Several grids are then loaded into a copper cartridge and inserted into the Krios, which in turn maintains them at approximately negative 310 degrees Fahrenheit. A robotic arm inside the Krios selects a grid, moves it into the microscope column, and places it onto the stage that sits above the Krios’ camera and scanner. The Krios zooms in on a miniscule section of the buffer that has frozen overtop one of the pockmarks in the film, then bombards it with electrons. Meanwhile, the camera takes a photo, capturing a high-quality 2D image due to the electrons passing through the sample.

Cryo-EM has been particularly useful in examining hard-to-image biological molecules, like proteins on the surface of cells. Unlike X-ray crystallography and other imaging techniques, it doesn’t rely on crystals or other methods that could unintentionally change the molecules’ structure, and the freezing process doesn’t risk altering the samples’ appearance under the microscope. This preserved accuracy is crucial for drug development studies that require 3D structures of samples as they appear in nature.

According to Baxa, the Krios is a top-of-the-line instrument for performing such work because many of its features were designed with cryo-EM in mind. It comes standard with the ability to attach a direct electron detector, which is extremely important for collecting such high-resolution data. The stability of the mechanical microscope stage and the lens design also help.

Because the Krios is so complex, every data collection session at the NCEF takes approximately eight hours to set up, program and align the microscope, and test the sample quality. Data collection lasts two to three days and results in 1,200–4,000 captured images.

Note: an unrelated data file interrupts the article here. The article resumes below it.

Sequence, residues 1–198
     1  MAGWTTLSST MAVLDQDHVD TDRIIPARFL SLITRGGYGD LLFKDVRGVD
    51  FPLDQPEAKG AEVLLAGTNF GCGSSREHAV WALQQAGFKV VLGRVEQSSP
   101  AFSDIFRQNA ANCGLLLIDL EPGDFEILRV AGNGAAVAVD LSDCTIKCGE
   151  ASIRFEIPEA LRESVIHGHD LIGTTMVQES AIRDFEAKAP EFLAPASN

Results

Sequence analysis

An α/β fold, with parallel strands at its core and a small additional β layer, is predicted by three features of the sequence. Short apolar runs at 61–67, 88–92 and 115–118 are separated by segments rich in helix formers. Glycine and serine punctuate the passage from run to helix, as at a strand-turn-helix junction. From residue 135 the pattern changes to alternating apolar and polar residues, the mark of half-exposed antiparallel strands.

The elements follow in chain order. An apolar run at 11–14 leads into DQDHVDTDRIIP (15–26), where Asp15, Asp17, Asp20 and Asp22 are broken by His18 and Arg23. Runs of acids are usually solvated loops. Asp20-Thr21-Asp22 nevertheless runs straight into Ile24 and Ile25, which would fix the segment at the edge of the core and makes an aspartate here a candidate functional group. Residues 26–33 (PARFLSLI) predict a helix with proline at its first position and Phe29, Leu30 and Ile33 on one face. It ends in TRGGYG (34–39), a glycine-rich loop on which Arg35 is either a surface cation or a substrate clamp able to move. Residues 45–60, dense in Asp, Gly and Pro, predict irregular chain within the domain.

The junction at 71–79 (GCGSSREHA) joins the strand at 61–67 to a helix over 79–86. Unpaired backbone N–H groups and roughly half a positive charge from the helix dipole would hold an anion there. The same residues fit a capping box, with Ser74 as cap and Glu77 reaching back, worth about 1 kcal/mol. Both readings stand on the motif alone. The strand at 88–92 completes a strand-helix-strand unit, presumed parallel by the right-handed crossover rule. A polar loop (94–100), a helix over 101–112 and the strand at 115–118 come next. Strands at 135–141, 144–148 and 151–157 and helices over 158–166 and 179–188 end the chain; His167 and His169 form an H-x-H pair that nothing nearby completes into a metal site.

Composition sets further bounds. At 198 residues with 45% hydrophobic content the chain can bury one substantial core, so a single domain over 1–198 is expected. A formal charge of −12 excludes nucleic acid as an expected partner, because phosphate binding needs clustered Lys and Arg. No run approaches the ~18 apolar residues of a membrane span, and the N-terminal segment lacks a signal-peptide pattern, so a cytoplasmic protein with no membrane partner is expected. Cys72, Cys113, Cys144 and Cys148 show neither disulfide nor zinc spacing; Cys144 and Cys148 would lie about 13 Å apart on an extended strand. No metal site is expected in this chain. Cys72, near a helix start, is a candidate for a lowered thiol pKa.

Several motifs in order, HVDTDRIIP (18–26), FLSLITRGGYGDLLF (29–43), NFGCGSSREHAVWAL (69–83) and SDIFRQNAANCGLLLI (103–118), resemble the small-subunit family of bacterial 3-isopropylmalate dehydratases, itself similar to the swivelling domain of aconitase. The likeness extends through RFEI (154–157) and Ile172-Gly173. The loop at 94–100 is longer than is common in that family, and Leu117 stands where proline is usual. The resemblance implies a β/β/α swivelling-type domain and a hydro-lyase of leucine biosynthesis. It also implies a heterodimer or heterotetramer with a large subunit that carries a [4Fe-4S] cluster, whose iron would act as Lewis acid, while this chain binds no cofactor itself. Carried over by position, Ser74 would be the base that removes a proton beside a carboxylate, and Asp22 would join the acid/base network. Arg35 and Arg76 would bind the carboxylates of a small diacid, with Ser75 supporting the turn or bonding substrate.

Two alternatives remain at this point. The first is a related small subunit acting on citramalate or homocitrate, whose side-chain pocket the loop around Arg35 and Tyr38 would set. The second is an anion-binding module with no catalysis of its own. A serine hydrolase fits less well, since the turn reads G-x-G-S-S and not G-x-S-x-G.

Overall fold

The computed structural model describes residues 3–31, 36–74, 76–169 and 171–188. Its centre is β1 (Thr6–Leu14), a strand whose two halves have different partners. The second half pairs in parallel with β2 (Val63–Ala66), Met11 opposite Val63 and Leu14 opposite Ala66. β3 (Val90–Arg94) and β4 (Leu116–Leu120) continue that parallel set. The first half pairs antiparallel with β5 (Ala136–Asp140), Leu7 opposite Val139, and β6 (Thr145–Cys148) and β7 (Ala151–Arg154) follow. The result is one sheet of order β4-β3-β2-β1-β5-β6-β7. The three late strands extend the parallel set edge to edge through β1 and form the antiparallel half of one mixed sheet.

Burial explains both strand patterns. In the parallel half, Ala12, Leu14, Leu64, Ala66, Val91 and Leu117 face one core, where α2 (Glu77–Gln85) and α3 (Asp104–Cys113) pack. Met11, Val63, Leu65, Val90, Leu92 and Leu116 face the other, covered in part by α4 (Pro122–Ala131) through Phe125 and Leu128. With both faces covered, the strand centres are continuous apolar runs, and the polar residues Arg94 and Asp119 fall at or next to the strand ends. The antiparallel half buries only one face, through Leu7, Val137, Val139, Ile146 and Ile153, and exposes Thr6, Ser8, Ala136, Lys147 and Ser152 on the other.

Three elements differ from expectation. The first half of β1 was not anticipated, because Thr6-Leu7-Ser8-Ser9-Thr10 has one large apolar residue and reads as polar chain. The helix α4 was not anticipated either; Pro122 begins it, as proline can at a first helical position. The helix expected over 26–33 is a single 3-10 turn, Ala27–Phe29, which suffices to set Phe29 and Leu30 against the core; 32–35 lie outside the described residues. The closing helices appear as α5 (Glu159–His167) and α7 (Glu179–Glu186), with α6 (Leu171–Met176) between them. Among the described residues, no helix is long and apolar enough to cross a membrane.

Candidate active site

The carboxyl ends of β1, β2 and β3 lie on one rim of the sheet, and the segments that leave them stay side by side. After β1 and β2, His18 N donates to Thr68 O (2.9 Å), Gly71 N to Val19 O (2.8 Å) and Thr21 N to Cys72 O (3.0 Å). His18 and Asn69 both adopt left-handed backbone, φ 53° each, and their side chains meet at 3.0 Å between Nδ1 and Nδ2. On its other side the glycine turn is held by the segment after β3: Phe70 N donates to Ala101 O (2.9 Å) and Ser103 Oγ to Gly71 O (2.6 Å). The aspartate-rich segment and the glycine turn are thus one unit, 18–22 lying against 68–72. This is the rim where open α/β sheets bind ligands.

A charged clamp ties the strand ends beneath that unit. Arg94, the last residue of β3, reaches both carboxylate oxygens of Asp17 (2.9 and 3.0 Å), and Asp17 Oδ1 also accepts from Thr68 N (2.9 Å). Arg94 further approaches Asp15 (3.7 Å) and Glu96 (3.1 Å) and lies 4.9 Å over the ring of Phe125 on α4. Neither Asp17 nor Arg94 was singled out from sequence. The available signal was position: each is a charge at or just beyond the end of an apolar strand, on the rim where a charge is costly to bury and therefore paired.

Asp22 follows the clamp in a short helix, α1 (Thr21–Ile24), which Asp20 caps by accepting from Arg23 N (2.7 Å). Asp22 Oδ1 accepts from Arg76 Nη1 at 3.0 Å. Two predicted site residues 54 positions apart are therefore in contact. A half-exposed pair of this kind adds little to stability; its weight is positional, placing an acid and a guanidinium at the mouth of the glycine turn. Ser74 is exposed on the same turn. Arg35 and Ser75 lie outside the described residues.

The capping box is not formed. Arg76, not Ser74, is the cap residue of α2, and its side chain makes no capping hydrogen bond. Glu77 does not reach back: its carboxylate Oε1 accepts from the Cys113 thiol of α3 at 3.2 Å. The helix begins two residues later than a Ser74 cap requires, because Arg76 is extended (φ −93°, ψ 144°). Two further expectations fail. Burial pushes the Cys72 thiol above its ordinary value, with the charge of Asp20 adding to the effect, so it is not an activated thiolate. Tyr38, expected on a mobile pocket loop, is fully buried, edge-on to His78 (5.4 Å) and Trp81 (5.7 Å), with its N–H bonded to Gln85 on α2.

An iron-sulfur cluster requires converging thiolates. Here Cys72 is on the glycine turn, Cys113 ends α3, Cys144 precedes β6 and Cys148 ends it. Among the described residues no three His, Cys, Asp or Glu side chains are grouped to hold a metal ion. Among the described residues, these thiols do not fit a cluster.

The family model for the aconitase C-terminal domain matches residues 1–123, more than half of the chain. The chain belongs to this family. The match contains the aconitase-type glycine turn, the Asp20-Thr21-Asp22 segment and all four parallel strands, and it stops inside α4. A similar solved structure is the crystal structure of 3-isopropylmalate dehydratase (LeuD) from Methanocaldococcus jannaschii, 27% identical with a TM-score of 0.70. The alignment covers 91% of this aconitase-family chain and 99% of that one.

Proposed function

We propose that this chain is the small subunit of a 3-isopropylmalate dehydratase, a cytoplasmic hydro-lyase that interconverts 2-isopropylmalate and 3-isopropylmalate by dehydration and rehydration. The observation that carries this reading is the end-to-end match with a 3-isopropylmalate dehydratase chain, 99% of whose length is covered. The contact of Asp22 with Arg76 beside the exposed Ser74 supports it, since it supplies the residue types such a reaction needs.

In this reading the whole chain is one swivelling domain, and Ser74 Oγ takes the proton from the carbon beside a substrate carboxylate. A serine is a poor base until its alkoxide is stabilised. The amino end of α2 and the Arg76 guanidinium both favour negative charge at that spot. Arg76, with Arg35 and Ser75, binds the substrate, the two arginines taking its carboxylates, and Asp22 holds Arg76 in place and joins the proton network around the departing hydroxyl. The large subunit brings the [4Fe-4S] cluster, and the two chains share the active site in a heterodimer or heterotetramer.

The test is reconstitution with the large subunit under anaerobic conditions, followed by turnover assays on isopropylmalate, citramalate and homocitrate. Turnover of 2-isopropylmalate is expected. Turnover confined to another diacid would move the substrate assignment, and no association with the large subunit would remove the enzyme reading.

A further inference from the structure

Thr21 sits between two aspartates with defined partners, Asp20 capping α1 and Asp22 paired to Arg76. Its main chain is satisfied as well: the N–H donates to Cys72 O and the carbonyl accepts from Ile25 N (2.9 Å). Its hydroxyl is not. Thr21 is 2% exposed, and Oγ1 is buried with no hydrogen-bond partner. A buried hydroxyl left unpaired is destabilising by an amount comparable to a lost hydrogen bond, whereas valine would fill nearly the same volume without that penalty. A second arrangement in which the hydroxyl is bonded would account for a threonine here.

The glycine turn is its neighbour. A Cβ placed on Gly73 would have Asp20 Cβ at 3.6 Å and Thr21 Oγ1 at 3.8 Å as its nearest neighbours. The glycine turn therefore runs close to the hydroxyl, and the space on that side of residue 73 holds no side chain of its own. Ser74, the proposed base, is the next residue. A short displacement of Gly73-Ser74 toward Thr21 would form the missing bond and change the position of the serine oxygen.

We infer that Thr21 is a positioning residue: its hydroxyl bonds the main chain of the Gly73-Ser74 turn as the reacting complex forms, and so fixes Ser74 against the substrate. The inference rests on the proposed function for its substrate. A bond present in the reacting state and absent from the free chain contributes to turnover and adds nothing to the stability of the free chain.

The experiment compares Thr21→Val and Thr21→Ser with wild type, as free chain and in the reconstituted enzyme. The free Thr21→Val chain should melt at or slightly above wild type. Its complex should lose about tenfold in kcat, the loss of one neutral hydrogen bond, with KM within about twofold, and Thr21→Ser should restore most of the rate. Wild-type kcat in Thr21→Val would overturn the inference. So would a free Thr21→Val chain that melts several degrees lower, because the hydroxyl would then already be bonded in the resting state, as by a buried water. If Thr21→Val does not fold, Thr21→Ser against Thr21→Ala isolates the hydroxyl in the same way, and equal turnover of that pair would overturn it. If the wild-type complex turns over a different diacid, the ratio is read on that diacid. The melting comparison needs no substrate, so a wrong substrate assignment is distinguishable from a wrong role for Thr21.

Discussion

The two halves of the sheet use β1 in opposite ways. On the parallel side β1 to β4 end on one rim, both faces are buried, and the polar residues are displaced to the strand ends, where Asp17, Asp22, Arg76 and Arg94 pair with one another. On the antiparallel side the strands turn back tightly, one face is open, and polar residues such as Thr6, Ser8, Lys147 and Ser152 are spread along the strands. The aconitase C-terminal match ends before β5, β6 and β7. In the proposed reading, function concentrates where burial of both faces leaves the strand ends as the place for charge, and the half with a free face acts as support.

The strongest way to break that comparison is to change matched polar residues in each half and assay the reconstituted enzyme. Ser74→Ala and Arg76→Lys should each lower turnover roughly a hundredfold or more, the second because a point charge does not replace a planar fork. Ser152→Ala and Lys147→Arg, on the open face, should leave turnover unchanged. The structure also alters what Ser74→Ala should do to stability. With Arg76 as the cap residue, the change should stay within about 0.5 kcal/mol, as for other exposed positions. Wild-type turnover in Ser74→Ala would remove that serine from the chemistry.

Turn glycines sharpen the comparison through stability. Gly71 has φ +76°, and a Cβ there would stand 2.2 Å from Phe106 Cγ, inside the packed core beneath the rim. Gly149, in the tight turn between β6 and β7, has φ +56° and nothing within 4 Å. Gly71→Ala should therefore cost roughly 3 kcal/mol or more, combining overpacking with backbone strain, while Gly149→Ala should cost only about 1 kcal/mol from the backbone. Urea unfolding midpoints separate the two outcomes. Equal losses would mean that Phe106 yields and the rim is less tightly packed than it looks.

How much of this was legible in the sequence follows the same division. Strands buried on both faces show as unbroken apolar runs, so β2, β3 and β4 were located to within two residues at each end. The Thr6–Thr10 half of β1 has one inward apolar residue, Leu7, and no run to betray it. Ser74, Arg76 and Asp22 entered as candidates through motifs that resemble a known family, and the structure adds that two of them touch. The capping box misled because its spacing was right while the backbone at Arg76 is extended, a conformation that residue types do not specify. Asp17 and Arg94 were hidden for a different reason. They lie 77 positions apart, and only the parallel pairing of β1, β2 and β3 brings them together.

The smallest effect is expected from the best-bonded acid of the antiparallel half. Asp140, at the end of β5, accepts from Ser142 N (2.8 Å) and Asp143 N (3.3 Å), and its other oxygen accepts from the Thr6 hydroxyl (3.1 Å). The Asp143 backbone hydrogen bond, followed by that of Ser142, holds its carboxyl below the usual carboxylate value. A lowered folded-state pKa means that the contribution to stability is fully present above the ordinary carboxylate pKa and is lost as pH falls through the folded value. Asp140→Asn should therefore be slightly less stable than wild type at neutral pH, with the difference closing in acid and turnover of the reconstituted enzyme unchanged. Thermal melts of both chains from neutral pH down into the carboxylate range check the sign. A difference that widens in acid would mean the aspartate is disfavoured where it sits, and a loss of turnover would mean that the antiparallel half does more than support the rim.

The recently installed Glacios functions similarly to the Krios and shares many of its features, such as the ability to attach a direct electron detector. However, it is smaller, less powerful, and cheaper, making it ideal for optimization, sample screening, and studies that don’t require Krios-quality high-definition images.

The Glacios will allow the NCEF to prescreen samples before they run on the Krios, which should free up more time on the Krios for data collection. Adding to the convenience, the Glacios and the Krios use the same cartridge, so samples can be transferred between them without additional preparation.

The NCEF also plans to test an off-label method on the Glacios, called “micro-electron diffraction.” They will load the grids with microscopic crystals that contain biological and chemical molecules. By hitting them with the Glacios’ electron beam and taking pictures, they may be able to observe the molecules’ 3D structures. There’s no guarantee that it will work, but if it does, it will be faster, cheaper, and more convenient than conventional methods like nuclear magnetic resonance imaging or X-ray crystallography.

“If [you] can do that in a matter of hours … even if it’s less than a day, … that’s amazing,” said Baxa. “It could basically replace [nuclear magnetic resonance] for chemists.”

NCEF staff standing in front of the Titan Krios in Gaithersburg. From left: Thomas Edwards, Ph.D., microscopist; Helen Wang, scientific project manager; and Ulrich Baxa, Ph.D., senior microscopist.